The Daily Commercial based out of Lake County did an article featuring one of the teens that will benefit from extended foster care. Thank you Theresa Campbell for this feature and taking time to speak with Lakesha. To visit the article click here.
Lakesha Griffin is smiling with a sense of relief these days. The 17-year-old Leesburg High school student will benefit from a bill signed in May 2013 by Gov. Rick Scott that will allow young adults living in the child welfare system to have the option to remain in foster care until age 21 in order to accomplish their educational goals.
“This gives Lakesha more support. She is going to turn 18 in the middle of the school year, and in previous years, she would have had to move out on her own upon turning 18,” said Nicole Pulcini Mason, director of community affairs for Kids Central Inc., who believes Senate Bill 103 6, sponsored by Sen. Nancy Detert — and renamed the Nancy C. Detert Common Sense and Compassion Independent Living Act — was the right legislation to sign into law. Griffin thinks so, too. “I would have been really scared,” the teen said of the stress of moving out on her own on the middle of a senior year at LHS. “How would I live on my own? If I was out in the real world, I would have to focus on school and bills and that would be too much while still in high school.”
Griffin will turn 18 on Dec. 11. After she graduates from Leesburg High School, she plans to attend Lake-Sumter State College and then further her education in Tallahassee at Florida A&M University. “In five or 10 years, I see myself working with the mentally disabled, because I really like working with them,” she said. “I can bond with them.”
The teen has been in foster care since infancy. “The Department of Children and Families has been in my life since I was 2 days old,” she said, recalling she lived in the home of a family friend until age 14, followed by a stay at a Marion County foster home for two years. June 30 will mark her one-year anniversary of being back in foster care in Lake County.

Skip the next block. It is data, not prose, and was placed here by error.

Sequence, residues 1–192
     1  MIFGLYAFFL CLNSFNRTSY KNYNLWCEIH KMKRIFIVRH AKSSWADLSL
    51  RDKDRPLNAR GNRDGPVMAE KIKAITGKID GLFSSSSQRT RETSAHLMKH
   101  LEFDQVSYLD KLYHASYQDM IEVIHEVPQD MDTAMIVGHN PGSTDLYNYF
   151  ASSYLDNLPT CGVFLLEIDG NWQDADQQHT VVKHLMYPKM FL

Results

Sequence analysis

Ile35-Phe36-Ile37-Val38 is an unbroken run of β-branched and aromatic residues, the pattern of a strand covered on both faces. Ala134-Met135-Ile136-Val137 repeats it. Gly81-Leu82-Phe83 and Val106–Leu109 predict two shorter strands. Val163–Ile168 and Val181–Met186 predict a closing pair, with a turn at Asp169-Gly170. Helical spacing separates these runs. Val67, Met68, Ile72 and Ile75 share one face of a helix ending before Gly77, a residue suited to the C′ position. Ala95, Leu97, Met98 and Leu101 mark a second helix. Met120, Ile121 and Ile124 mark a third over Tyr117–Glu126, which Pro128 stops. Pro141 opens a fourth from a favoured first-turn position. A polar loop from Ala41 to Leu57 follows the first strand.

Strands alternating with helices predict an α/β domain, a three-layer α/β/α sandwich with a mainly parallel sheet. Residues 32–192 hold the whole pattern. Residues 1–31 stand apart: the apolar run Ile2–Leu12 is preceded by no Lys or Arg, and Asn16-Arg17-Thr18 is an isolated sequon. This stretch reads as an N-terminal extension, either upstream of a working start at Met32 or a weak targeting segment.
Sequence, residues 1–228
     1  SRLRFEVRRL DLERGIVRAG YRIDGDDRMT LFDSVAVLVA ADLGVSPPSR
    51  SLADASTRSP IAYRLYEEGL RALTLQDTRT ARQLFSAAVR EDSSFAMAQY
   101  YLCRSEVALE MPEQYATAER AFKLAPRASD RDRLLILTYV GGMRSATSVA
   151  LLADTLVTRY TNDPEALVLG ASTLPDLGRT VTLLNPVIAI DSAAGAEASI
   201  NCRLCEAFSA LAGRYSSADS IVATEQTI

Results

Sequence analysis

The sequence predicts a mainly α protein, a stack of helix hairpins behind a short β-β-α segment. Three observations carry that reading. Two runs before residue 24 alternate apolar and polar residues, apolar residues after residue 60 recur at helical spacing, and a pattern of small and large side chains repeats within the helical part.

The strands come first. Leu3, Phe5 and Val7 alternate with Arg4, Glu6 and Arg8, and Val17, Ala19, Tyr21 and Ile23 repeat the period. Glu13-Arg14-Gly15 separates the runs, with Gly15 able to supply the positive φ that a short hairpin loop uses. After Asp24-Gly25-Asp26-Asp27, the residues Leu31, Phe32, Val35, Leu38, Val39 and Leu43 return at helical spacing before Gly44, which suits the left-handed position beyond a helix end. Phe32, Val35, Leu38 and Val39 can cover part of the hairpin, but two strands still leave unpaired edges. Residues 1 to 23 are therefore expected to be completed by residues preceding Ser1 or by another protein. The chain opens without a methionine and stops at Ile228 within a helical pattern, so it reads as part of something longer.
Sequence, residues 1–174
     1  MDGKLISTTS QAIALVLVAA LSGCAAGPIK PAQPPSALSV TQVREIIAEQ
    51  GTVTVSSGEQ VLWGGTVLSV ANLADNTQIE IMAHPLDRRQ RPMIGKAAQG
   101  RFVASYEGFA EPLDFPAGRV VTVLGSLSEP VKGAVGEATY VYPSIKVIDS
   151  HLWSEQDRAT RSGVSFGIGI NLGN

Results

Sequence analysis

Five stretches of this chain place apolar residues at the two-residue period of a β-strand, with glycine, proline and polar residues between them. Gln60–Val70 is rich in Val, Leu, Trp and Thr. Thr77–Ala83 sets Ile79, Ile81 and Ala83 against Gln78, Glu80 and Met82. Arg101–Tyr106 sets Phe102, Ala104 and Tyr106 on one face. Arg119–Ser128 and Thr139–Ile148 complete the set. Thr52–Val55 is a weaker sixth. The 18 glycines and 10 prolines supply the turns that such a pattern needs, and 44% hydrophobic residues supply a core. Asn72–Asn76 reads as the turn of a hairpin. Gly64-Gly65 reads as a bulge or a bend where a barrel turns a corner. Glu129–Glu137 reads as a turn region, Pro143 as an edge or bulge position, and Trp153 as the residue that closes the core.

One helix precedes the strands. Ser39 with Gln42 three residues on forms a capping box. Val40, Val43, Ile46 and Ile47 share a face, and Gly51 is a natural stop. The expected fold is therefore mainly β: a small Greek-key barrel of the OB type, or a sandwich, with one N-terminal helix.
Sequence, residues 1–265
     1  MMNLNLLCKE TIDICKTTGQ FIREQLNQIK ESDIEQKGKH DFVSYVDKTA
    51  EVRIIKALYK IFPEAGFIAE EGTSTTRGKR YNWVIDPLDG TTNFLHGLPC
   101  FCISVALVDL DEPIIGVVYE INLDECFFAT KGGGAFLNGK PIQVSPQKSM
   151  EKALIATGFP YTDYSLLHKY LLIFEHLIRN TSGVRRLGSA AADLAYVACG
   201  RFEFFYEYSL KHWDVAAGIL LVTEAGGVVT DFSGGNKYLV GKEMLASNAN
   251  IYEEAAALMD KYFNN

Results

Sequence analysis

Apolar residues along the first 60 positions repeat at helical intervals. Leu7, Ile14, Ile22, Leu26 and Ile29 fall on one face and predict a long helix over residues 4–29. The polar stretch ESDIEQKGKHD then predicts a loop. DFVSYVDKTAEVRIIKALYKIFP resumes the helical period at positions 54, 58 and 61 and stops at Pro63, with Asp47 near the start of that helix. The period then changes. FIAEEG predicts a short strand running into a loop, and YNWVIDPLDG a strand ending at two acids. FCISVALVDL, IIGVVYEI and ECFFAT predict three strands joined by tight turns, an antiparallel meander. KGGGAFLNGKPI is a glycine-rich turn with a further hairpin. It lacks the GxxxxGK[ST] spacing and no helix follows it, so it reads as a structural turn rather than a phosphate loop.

“It feels better to me,” she said of living in Lake County. “Foster care is not as bad as people may think that it is. My mother was not able to take care of me, and I feel that I am in a better place. I used to be mad at her for letting me go into foster care, but now I am actually thankful for it. I have a better life being in care.” Mason praises the teen’s attitude and outlook on her life. “She is so motivated, smart, caring and a hard worker,” Mason said. “Her grades are great (As and Bs) and she was recognized as a leader recently.”
“I find Lakesha to be a vibrant and bright young woman,” added Stacy Morgan, director of Healthy Start at Kids Central Inc. “I’ve truly enjoyed being a mentor to her and hope that I have helped guide and shape her in a positive manner. I know she is destined for great success and will truly make an impact wherever she choose to focus. I’ve tried to be a strong role model and hope that one day she too will return the favor to another.” Morgan also touts the extended foster care bill as needed legislation. “This will give our young adults leaving the foster care system more security and a smoother transition into adulthood,” Morgan said. “Most 18-year-olds who didn’t grow up with abuse or neglect aren’t ready to go out on their own at 18, and these youths aren’t either. Extended foster care gives them the safety net they need for a few more years.
“I can’t imagine Lakesha setting out on her own the day that she turns 18 while still in high school. I feel better knowing that she will have a host family to help launch her.”
However, under the new law, most of the young adults 18 and older, cannot live in a traditional foster home. Kids Central Inc. is currently seeking host families and apartment-style housing for these youths. “The need is critical,” John Cooper, CEO of Kids Central Inc. said in a statement. “For these youth to be successful and for them to avoid more disruptions and setbacks, we need local housing for them.”
Kids Central Inc. wants to find suitable and safe housing options for these young adults, and the agency noted by placing placing older teens like Griffin into semi-independent style housing will help them become independent gradually. Also, it will keep them in their communities and avoid another change of schools.
Residents interested in learning more about how to become a host family can visit KidsCentralinc.org and click on the Request for Proposals link, or call Independent Living Supervisor Hannah Rios at 352-387-3551.